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US prosecutors have charged Abdul-Majeed Marouf Ahmed Alani with interfering with part of an aircraft flight data system Image Credit: AFP

A federal judge denied bail Wednesday to a former American Airlines mechanic who is accused of sabotaging a plane carrying 150 people in Miami in July, saying the mechanic may be "sympathetic to terrorists."

The mechanic, Abdul-Majeed Marouf Ahmed Alani, 60, admitted to federal agents that he tampered with the Boeing 737-800 at Miami International Airport on July 17, forcing the plane to be grounded before takeoff, according to court records. He said he was upset about an impasse over a union contract and wanted the flight to be delayed or canceled so he could get overtime work.

He was arrested Sept. 5 and charged with willfully damaging, destroying or disabling an aircraft and could face up to 20 years in prison if convicted.

At a bail hearing Wednesday, prosecutors argued that Alani, of Tracy, California, had videos on his cellphone that showed mass murders committed by the Islamic State, The Associated Press reported. Prosecutors also noted that Alani had said that he wished that Allah would harm non-Muslims and that he has a brother who lives in Iraq who may be involved with Daesh.

"You may be very sympathetic to terrorists," U.S. Magistrate Judge Chris McAliley said at the hearing, according to the AP. "That's very disconcerting."

Alani has not been charged with any terror-related crimes. Federal prosecutors did not answer questions about the case Wednesday evening.

A lawyer for Alani, Christian Dunham, did not immediately respond to requests for comment Wednesday evening.

Dunham said in court that prosecutors would not be able to prove that Alani, an experienced mechanic, intentionally put people on the plane in danger, according to the AP.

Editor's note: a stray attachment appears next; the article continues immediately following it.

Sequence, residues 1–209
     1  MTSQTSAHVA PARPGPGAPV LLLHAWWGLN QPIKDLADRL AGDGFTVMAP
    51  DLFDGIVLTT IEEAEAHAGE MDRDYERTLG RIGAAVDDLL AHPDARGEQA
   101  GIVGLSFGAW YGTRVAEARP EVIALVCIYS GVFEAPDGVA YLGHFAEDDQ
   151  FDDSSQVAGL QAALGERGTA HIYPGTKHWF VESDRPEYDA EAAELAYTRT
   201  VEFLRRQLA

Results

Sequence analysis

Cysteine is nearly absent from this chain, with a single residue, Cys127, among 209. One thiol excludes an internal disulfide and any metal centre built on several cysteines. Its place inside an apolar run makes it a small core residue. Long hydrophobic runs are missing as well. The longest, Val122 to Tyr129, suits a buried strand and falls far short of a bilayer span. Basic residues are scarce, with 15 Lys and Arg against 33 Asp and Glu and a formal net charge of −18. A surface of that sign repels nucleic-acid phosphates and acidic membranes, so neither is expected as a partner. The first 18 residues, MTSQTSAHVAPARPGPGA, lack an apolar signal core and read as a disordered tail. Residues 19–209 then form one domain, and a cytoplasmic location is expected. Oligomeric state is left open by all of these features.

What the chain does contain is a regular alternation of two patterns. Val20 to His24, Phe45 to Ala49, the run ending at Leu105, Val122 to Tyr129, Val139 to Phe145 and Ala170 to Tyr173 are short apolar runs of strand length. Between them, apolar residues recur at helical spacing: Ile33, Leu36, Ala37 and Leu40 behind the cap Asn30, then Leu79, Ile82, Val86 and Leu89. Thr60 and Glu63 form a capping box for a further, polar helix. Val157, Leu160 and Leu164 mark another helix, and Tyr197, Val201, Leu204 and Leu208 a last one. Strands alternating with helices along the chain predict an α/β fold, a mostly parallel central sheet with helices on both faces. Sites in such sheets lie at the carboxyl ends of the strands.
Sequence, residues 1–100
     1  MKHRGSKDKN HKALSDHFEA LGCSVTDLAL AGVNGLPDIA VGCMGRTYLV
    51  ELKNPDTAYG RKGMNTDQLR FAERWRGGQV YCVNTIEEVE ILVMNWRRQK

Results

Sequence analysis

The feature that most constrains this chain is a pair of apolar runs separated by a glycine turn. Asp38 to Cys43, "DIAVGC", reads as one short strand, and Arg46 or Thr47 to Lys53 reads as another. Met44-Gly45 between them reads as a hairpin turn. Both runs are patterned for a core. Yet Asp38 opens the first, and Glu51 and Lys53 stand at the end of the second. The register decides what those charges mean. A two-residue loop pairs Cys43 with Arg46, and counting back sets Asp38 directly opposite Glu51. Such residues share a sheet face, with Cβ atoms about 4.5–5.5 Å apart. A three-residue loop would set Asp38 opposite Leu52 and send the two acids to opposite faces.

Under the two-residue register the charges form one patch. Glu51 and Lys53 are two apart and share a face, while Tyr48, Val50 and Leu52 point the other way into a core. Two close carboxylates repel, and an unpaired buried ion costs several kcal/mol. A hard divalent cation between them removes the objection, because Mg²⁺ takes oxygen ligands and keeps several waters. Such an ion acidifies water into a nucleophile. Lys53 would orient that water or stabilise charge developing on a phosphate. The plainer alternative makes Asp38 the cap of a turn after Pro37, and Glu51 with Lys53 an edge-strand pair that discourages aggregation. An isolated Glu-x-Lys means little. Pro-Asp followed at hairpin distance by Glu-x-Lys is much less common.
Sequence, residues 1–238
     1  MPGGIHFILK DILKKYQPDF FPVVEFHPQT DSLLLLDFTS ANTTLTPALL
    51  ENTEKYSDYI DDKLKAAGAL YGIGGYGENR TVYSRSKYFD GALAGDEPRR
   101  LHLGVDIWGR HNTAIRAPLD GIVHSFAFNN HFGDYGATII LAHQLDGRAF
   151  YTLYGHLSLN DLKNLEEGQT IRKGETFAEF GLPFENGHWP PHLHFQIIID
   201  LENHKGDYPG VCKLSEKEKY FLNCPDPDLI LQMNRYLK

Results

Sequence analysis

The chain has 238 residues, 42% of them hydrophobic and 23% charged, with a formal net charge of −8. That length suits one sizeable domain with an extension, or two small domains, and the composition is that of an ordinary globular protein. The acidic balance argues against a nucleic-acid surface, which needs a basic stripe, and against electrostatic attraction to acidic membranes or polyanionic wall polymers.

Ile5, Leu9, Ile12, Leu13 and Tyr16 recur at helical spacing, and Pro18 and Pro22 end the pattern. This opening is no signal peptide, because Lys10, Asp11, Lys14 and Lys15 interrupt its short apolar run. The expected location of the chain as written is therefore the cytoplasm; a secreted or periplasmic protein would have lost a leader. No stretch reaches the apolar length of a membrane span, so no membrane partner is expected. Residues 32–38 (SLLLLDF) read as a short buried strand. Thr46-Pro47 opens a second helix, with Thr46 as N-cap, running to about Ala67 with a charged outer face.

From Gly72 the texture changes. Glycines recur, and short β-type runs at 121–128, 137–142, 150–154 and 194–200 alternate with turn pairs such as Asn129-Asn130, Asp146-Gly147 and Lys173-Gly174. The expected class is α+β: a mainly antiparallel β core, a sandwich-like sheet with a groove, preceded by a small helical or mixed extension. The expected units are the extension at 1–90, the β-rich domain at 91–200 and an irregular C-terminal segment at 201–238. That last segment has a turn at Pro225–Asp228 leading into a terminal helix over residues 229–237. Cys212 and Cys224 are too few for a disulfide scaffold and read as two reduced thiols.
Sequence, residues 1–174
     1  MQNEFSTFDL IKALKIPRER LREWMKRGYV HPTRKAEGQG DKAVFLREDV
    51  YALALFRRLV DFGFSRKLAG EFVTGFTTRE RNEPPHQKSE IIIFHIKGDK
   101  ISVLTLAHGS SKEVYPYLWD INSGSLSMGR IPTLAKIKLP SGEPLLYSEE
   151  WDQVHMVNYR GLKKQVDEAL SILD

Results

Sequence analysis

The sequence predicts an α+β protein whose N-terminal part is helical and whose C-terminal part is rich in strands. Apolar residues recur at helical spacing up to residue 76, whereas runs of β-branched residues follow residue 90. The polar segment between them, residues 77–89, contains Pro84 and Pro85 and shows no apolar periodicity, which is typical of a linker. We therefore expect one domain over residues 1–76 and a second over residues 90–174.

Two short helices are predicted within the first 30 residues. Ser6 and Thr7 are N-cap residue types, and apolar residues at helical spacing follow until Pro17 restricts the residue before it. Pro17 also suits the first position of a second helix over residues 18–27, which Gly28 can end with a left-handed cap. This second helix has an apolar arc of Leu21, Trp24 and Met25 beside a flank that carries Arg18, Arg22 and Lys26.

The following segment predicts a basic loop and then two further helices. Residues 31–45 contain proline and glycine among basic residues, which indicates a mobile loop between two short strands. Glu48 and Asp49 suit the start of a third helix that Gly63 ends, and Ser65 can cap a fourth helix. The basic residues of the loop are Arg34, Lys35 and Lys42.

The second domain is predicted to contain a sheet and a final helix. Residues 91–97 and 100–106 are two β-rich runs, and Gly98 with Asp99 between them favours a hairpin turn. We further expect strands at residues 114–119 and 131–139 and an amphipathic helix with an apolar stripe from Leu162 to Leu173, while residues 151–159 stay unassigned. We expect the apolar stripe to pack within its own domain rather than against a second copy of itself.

Alani is a United States citizen with no prior criminal record who worked as an airline mechanic for 30 years, the AP. reported. American Airlines fired him Sept. 7.

Dunham asked for Alani to be released on $200,000 bail raised by relatives and American Airlines co-workers, but McAliley said Alani was a flight risk and might be a danger to the community, according to the AP.

On July 17, the day of the flight, Alani tampered with the air data module system on Flight 2834 from Miami to Nassau in the Bahamas, investigators said in court documents. The system, located in a compartment beneath the cockpit and near the nose landing gear, keeps track of an aircraft's speed and pitch as well as other critical flight data.

As the Boeing 737-800 was approaching the departure runway and powering up its engines, the crew got an error message and aborted the takeoff, according to the documents.

Security camera footage showed that Alani had used a piece of foam to obstruct the module system, investigators said. They said it was unusual for Alani, who normally worked in a hangar for disabled aircraft, to be in the area of the plane.

A pitot tube, used to determine airspeed, a measurement vital to controlling the plane, was also loose, investigators said. Ice buildup in a pitot tube's intake led to the 2009 crash of Air France Flight 447 over the Atlantic.

Two days after the July flight, American Airlines' corporate security reported the suspected sabotage to the FBI, according to court records.

The TWU-IAM Association, which represents 30,000 of the airline's employees in union negotiations, said in a statement Sept. 6, the day after Alani's arrest, that "any conduct that jeopardizes that safety is not tolerated or condoned by the leadership or members of our organizations."